Photo above by Andrew Nichol. Copyright of Chris Butterfield, Wainwright Archive
September 2019. Driving up to the Lakes with the radio on, I had the misfortune of hearing the BBC news reporting ‘revelations’ from David Cameron’s memoirs. I switched off and within a few hours I was standing on a grassy shelf below the rocky upper reaches of Dungeon Ghyll. It was almost instant relief from the atmosphere of a country going increasingly toxic through Brexit.
In 1957, with a new Tory Prime Minister at the helm, Alfred Wainwright, AW, found himself at the same spot, surveying the routes up Harrison Stickle for the third of his Pictorial Guides to the Lakeland Fells. The Kendal Borough Treasurer was flushed with the immediate success of his first guidebook, The Eastern Fells and his second guidebook, The Far Eastern Fells, had just been published. This was Wainwright aged fifty at the height of his powers, well poised to take advantage of the new age of optimism signalled by the government of Harold Macmillan.
I was following Route One of AW’s various ascents up Harrison Stickle. This begins at the National Trust car park by the New Dungeon Ghyll Hotel and follows the steep bracken slopes alongside Dungeon Ghyll to the broad shelf below the buttress of Thorn Crag. Skirting around this, a climb up stone steps leads to a higher grassy col above 2000 feet. From here I turned left to make the pinnacle of Loft Crag, rather than Harrison Stickle, my first Wainwright of the day. The ridge path heading north-west from here led to a scramble up the pillar-shaped summit of Pike O’Stickle.
Standing on this westernmost peak of the Langdale Pikes it is easy to dismiss the middle-aged grumbles of AW regarding cars and caravans spoiling this valley. Admittedly on the Sunday I was here, the sun’s reflection was brightly bouncing off the roofs of the cars densely packed together in the rectangular field of the Old Dungeon Ghyll car park. This one little square of coloured metal was a definite eyesore but looked rather lost in the grand sweep of the valley with its patchwork of green fields.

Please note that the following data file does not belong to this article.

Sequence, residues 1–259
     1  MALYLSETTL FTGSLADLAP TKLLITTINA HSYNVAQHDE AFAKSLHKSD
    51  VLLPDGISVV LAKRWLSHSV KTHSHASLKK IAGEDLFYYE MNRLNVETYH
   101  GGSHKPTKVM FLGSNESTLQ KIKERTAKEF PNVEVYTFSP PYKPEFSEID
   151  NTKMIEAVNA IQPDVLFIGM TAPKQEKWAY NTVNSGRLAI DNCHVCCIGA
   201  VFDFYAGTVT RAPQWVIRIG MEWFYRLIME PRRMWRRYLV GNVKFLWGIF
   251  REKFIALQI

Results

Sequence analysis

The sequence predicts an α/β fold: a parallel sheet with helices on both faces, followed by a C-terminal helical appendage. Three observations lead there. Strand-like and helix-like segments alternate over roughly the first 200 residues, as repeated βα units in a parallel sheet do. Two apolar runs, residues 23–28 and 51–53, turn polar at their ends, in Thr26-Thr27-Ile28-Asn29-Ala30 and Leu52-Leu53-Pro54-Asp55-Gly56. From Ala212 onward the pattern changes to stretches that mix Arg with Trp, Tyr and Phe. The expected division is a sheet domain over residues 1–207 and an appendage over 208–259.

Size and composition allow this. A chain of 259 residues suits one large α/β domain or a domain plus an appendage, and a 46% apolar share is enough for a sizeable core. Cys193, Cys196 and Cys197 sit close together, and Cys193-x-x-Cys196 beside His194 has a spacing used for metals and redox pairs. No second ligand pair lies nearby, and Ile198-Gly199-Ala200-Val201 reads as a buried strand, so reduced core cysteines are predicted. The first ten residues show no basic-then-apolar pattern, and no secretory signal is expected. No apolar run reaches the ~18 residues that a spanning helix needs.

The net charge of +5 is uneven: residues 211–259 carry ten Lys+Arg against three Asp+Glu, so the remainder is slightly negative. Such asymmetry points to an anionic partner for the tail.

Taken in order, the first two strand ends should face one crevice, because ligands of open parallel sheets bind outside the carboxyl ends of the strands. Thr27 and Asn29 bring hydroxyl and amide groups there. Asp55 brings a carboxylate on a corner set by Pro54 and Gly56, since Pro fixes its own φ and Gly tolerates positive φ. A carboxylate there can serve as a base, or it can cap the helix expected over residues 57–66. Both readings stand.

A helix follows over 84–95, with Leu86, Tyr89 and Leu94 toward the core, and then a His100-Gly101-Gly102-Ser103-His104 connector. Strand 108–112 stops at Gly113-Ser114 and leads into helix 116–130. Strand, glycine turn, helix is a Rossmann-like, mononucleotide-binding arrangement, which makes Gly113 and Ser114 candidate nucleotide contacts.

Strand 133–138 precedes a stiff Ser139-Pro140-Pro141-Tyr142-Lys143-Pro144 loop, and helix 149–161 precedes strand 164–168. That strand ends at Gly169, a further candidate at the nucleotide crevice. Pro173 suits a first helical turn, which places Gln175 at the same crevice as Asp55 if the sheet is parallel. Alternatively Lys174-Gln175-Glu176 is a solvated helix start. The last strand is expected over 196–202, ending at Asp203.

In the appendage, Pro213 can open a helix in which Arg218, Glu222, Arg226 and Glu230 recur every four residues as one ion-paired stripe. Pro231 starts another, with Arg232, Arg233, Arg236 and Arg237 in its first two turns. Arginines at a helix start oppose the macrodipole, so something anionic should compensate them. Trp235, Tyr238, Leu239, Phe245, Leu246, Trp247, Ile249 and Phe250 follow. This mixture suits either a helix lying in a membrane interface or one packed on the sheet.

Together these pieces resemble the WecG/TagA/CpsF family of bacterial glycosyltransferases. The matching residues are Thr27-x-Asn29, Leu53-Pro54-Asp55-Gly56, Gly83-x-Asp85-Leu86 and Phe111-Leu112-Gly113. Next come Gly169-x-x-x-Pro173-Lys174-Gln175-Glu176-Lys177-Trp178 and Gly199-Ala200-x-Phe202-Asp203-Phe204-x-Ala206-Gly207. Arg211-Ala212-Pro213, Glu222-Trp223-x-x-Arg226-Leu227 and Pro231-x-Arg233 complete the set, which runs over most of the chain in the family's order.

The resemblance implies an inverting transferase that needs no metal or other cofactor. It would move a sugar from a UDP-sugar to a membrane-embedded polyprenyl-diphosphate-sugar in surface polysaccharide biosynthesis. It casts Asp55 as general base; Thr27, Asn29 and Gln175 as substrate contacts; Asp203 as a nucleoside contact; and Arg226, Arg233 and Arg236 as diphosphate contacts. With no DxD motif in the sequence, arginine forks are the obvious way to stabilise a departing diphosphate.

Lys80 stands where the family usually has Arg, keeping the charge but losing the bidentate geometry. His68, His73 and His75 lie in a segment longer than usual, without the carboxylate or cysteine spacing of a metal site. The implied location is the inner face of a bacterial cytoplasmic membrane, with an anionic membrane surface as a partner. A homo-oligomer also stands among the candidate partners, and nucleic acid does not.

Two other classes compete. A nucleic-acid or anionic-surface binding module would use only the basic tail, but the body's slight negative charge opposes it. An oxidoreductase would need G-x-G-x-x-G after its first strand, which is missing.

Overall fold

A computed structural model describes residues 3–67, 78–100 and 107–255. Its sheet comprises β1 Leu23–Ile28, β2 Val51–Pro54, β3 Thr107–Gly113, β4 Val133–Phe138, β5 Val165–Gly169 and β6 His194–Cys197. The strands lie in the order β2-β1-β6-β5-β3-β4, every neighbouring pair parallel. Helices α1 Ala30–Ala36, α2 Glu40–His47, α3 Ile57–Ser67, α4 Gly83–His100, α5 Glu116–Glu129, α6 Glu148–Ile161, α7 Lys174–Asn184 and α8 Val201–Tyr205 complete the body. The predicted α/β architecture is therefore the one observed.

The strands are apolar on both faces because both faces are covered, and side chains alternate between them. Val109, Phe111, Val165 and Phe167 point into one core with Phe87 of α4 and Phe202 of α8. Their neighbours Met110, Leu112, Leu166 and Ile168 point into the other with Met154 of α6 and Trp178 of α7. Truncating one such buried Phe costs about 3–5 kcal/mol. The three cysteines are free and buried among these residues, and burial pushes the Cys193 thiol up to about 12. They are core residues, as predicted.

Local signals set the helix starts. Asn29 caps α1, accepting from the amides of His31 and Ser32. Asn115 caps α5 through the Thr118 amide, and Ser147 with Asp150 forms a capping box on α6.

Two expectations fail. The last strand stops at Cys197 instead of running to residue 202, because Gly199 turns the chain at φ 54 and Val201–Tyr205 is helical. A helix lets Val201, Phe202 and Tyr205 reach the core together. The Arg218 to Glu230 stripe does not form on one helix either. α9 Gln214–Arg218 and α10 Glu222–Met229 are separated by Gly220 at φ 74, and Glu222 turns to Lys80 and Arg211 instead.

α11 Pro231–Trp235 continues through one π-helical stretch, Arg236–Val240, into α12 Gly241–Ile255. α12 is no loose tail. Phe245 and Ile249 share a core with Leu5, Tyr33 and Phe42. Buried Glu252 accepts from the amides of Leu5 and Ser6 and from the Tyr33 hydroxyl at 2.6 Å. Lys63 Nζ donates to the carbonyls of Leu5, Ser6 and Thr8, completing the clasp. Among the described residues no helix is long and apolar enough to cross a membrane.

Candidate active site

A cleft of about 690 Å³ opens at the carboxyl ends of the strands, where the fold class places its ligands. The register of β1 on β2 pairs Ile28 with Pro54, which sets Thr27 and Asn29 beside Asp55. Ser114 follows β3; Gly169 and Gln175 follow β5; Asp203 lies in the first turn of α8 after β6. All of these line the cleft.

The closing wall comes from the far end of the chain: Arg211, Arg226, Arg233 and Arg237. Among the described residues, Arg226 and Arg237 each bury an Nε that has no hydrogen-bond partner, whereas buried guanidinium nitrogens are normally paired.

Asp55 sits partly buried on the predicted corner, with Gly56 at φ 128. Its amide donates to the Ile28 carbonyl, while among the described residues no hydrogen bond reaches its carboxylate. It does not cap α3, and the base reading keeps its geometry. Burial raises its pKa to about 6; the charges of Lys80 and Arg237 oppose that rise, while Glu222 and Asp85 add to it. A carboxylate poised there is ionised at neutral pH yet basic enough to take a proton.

The only other visual intrusion is the artificial zigzag path snaking up the steep flank of Side Pike from the Langdale campsite, the popular route to Blea Tarn and Pike O’Blisco. Man-made paths scarring the fells was another of AW’s bugbears. The car park and the Side Pike path aside, the upper and middle stretches of Great Langdale have not really changed since AW first came here in the 1930’s. The narrow road still winds down towards Chapel Stile. The white painted farms at the foot of the fells still form a neat line along the north side of the valley. Thankfully, the Elterwater quarry, Langdale’s real scar, remains hidden from view.
From Pike O’ Stickle my next objective was Harrison Stickle itself. Rather than follow the obvious path I decided to potter around in the silent tussock land of Harrison Combe, the grey-bleached depression behind the pikes. Here I located the source of Dungeon Ghyll at about 2,200 feet, a limp spring unaware of the drama that awaits it less than half a mile to the south. From here I climbed the pathless western slopes of Harrison Stickle to its summit. This was a nice low key backdoor approach, since most of the people reaching the top were arriving from the direction of Stickle Tarn.
Wainwright’s overnight expeditions were rare but one was spent on the slopes below Harrison Stickle by the headwaters of Dungeon Ghyll. He was not a born survivalist nor indeed a camper. Just a mildly adventurous accountant who owned a top coat, pipe and tobacco. He recalls this night out in his book, Fellwanderer, published in 1966. He didn’t sleep, just roamed about in a light drizzle, then watched a glorious sunrise and observed a fox at play. I did not see a fox below Harrison Combe but picked up a deflated silver foil birthday balloon tangled in a clump of grass.
Walkers mingled on the summit of Harrison Stickle. It was the most people I had seen that morning. The path from here to Pavey Ark meanders in and out of the ridge of rocks leading to the little cairn on top of grey slabs. On this summit I found a foam camping seat that someone had left behind. The dark vertical cliff is really the eastern flank of another Wainwright, the far less dramatic Thunacar Knott. The summit of this higher hill appears as a low rise with a prominent cairn and is connected to Pavey Ark by a well used path, a very easy walk to the 2,351 feet summit.
The cairn on Thunacar Knott actually marks the pre-1974 county boundary between Cumberland and Westmorland. Whilst the parish of the Langdales gets extensive coverage in AW’s Westmorland Heritage, the parish to the north of Thunacar Knott – Borrowdale – does not get any at all. It seems a shame that AW never gave the county of Cumberland the same intricately beautiful treatment that he bestowed upon his adopted county in his magnificent 1970’s book.